DMAA may already have been banned by some sports agencies, but what about the fact that it STILL SHOWS UP IN SOME SUPPLEMNTS? And what of other supplements that are chemically related to steroids, but get around the FDA hand slap since they aren’t “technically” steroids? What is the point here. . .really. . .of taking things that may give us some energy, strength, and certain physique enhancements if we risk internal damage to ourselves over the long haul?
I’m siding with the wisdom of Jen Sinkler on this one. In an article titled “Why You Don’t Need to ‘Go Big or Go Home’ At the Gym”, Sinkler states that we have some sort of cultural issue with going Beast Mode all the time. To quote her directly. . .
“There is a sense that maybe people are trying to prove how hard they’re trying—possibly to themselves, possibly to each other—in the hopes that it might count for extra. And while occasionally we can reach greater heights when we overreach a bit, consistent progress that’s within our current limits is a safer, smarter strategy for making progress in the long run.”
Agreed! With this whole pre-workout craze (pun intended :-D), I too wonder if there is some sort of cultural phenomenon with taking short-cuts for hitting personal records in our lifts, hitting a certain body fat percentage, getting through our beast mode workout, or whatever the case may be. The truth is that long term, sustainable results for your performance or physique based goals take TIME and PATIENCE. As an example, it’s been about 3 years of work on my Iron Maiden Challenge, and I still train regularly to get my pull up where it needs to be consistently (giving up is stupid in my mind). I’m dialing in my training, greasing the groove, but you won’t see me popping pills or sucking down gobbly gooks of powder trying to jack myself up for the feat of strength.
Strength is a skill. You can’t short-cut that sort of skill. Period.
I’ll end this long rant today with this. A few months back, I had a conversation with an instructor friend who has a student wanting to do the Iron Maiden Challenge herself. He gave me a phone call to discuss a “troublesome question” his student had asked him regarding the training for the competition. His student had asked him a particularly dangerous question that brings this whole supplement stack to light. The question: “What’s the fastest way possible I can win the competition?” The answer to that is to take drugs, risk serious damage to your health, and lose all your credibility as an instructor, which is what I told my friend to tell his student. There’s no sugar coating that answer. If you aren’t willing to dial in the time to do the task at hand, ask yourself why you want to win the competition in the first place. I’d suspect you’re trying to prove something to someone . . . and that can be a risky line of thinking in it of itself.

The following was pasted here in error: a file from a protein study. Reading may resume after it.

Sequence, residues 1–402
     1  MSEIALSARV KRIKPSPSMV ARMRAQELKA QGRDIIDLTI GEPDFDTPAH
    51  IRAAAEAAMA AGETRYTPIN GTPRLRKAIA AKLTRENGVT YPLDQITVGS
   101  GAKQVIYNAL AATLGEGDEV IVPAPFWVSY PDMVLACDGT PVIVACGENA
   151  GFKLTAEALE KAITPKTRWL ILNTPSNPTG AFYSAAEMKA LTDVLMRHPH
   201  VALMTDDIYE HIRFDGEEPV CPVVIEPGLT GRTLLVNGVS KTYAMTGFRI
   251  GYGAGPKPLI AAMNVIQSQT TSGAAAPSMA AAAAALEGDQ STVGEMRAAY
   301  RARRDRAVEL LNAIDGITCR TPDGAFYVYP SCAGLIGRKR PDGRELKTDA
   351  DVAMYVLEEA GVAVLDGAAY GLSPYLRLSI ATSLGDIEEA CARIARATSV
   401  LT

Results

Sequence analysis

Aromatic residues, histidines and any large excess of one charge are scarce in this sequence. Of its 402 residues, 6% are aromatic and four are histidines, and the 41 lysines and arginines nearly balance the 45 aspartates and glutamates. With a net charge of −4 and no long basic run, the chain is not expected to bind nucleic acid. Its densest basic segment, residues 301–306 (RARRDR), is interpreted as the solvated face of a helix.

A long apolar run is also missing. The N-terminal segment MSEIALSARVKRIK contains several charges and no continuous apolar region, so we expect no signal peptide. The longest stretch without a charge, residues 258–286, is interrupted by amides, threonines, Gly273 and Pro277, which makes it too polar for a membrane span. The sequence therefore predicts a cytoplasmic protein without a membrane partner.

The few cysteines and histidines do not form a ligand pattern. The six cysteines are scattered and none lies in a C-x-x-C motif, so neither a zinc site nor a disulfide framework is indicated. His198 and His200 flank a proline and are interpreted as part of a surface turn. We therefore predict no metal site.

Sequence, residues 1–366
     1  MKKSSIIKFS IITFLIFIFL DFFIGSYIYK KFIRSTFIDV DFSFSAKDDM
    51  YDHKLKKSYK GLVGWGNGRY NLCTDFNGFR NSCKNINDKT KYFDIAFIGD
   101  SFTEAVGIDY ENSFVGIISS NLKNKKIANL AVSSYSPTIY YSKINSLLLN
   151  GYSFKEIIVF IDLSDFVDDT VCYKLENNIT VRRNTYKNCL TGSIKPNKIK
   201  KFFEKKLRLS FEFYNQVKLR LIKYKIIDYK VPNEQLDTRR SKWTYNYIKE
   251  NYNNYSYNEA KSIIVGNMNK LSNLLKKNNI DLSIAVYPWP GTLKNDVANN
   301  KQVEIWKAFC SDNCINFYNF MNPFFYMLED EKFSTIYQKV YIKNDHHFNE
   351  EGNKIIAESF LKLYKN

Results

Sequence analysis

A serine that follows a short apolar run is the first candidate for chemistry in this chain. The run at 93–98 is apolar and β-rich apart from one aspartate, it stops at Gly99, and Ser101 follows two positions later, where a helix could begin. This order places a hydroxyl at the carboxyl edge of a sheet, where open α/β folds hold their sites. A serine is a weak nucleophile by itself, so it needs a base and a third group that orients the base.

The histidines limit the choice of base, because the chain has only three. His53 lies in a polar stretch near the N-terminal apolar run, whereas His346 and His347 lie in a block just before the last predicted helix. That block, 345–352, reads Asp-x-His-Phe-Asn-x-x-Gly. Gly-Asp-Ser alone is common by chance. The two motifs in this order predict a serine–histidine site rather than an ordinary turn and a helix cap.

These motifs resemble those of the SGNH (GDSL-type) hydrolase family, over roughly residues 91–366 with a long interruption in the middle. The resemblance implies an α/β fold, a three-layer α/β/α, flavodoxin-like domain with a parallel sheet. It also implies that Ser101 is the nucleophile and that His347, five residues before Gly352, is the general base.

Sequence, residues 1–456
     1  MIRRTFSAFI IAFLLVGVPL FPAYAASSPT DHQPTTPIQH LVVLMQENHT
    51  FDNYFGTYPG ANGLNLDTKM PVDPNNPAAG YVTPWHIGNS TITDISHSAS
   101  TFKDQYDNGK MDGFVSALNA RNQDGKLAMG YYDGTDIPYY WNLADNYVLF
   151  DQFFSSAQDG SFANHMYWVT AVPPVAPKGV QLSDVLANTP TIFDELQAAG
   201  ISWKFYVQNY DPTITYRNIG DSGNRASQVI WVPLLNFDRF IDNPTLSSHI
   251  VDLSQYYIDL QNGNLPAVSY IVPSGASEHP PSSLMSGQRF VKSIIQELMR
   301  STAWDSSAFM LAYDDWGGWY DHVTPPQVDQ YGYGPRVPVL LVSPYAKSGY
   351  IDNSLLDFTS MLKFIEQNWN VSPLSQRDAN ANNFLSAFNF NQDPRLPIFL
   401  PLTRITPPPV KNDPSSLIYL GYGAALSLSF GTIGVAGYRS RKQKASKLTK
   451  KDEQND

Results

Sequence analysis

We have nothing to prove to the world at large. We are already loved and appreciated for who we are in real time. Training for a competition should be a sort of long road trip where we stop to enjoy the scenery every once and a while. It isn’t a sprint to the finish line. Patience is a virtue after all, and our strength requires patience and persistence to acheive it and refine it. Are all pre-workout supplements bad? No, but I stand by the fact that there are more questionable formulas out there on the market than there are safer ones. I’ll stick to my natural state, with the occasional hint of espresso 😉
Train to live and live well. Refine your skills to help those in need who desperately need your advice. Share the gift of movement and strength with others and be willing to humble yourself to teach people the sustainable way of achieving their results. There are no short-cuts. Really, that’s what this is about!
Master your instincts!